The UAE‟s banking system is invariably connected to the construction and real estate sectors and the recession has significantly exposed this. The property prices have decreased drastically and the income from mortgaged property has become inadequate to cover the borrowers‟ installments. The lenders are facing difficulties in securing a sizeable portion of their loans, secured by mortgages. The above scenario has exposed many banks to high levels of credit risk. Constant brainstorming in search of a rapid solution has brought myriad of ideas to the table. One of such suggestions is to permit the lenders to resort to foreclosure directly and without the intervention of courts. The ownership of a real property cannot vest in the mortgagee or the mortgagee cannot sell the property directly, except in compliance with the legal procedure. Consequently, it may not be possible for the lenders to take possession of, or to sell off by auction, the property of a defaulting borrower, except through the courts. Hence, the right to sell off the mortgaged assets of a defaulting borrower without the intervention of courts would provide a „feel safe‟ attitude to the lenders as it is relatively an easy mode of recovery. However, the question
whether the market is ready to embrace such a drastic transformation, assumes significance. Some thoughts are discussed herein. One of the most cardinal principles of justice in all mature legal systems is „audi alteram partem‟ („hear the other side‟). Generally, resolution of disputes through courts is regulated by defined procedures and is supervised by qualified people. A suit for money secured by mortgage is no exception. In litigation, the borrower would get a chance to defend the case by presenting his version and the court may intervene if the lender‟s case is not legal. If the lenders are empowered to acquire the property and sell them without the intervention of courts, this valuable right may become non-extinct. It is likely that influential lenders meddle with the whole process. The presence of a 3 tier system, comprising of the courts of first instance, appeal and cassation, with distinct powers is a prime advantage of the current system. The higher courts overview the functioning of the subordinate courts and are entitled to review their judgments. If the judgment of a lower court is erroneous, the borrower is entitled to approach the higher forums. However, if the lenders are given seamless powers by-passing the courts, this invaluable right would be lost.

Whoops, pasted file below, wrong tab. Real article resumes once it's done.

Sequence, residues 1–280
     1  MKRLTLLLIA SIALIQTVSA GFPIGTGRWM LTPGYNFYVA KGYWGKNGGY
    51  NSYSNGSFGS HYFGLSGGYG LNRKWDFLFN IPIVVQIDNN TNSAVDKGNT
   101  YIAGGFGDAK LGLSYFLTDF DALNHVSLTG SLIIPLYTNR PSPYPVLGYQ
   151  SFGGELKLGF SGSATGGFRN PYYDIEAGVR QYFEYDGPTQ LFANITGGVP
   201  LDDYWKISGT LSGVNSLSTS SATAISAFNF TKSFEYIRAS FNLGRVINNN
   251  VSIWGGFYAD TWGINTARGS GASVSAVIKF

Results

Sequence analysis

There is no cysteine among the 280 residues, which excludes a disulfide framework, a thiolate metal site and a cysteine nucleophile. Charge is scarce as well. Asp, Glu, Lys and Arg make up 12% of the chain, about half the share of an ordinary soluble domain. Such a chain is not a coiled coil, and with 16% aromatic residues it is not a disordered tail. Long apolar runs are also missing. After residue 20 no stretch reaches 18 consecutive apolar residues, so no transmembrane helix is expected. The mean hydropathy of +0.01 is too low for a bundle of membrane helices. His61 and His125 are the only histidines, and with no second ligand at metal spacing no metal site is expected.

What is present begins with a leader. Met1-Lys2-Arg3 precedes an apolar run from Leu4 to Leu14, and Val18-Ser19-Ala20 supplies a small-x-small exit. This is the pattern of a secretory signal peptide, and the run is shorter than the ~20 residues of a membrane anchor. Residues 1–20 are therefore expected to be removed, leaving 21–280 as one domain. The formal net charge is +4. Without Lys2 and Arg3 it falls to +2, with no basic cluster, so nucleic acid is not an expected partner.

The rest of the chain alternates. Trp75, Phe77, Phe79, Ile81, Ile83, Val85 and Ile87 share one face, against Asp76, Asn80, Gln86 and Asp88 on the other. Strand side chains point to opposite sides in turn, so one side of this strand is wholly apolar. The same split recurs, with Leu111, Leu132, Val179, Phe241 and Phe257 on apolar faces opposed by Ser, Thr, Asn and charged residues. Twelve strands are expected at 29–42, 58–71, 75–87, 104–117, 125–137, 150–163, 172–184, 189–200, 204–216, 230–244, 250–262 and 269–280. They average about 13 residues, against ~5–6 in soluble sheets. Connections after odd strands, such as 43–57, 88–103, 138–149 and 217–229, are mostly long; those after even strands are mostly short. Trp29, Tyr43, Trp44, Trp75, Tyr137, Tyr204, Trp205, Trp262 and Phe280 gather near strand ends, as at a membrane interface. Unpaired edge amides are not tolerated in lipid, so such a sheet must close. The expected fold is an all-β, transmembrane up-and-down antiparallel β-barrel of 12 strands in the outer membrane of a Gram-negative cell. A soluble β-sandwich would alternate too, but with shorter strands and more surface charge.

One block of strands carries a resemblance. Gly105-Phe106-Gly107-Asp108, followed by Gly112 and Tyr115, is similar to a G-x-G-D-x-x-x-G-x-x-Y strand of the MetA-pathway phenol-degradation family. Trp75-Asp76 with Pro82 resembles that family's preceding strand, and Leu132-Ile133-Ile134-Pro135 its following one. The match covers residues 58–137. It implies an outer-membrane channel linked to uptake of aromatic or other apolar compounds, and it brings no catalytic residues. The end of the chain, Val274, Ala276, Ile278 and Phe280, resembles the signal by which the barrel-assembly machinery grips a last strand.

Shifting Sands? Lenders' Right to Foreclosure; Is the UAE Ready for a Change? 25
The principles of procedural fairness and transparency would require that none should judge his own cause. The contemplated scenario where the lenders may be permitted to decide the legality of their own cause would hamper the impartiality and fairness of the judicial process. Any allegation of excesses could hamper the investors‟ confidence in the system. It is inappropriate to confine the role of banks to that of a sheer commercial institution/money lender. They owe certain responsibilities to the society and should follow the best practice standards. Be it assisting the developers in building up townships, or construction giants in laying down the infrastructure of the country, or lending a helping hand to the common men for purchasing a residence, in a way, they are substituting the wider role of the government. There is no federal legislation governing the ownership of real property and the rights of expatriates vary from emirate to emirate. Though Dubai keeps abreast of the needs of the real estate market and have somewhat responded with the necessary legal framework, the scenario is different in most of the other emirates.
Faizal P. Latheef Senior Lawyer email@example.com
Further, many of the real estate investors are expatriates. They may not be familiar with the local laws and the federal/emirati distinctions that could have an impact on their investment. On that count too, it may be risky to embrace a sudden transformation. It may be premature to permit the lenders to resort to foreclosure without the intervention of courts. It is naïve to think that empowering lenders with unfettered powers would bring about productive solutions overnight. Any confusion or lack of transparency could harm the exemplary investment climate and the country‟s hard-earned reputation. Likewise, it is inapt to ignore the crisis faced by the banks pursuant to recession. The sustained growth of financial sector is key to the development of any nation and therefore, the government should continue to support the sector. Corrective measures must be taken to minimize the accumulation of non-performing assets, which could include, revising the lending norms, strict due diligence about borrowers‟ creditworthiness and enactment of a comprehensive federal law. Constitution of a judicial authority to deal with mortgage finance disputes in a time bound manner could also be looked in to.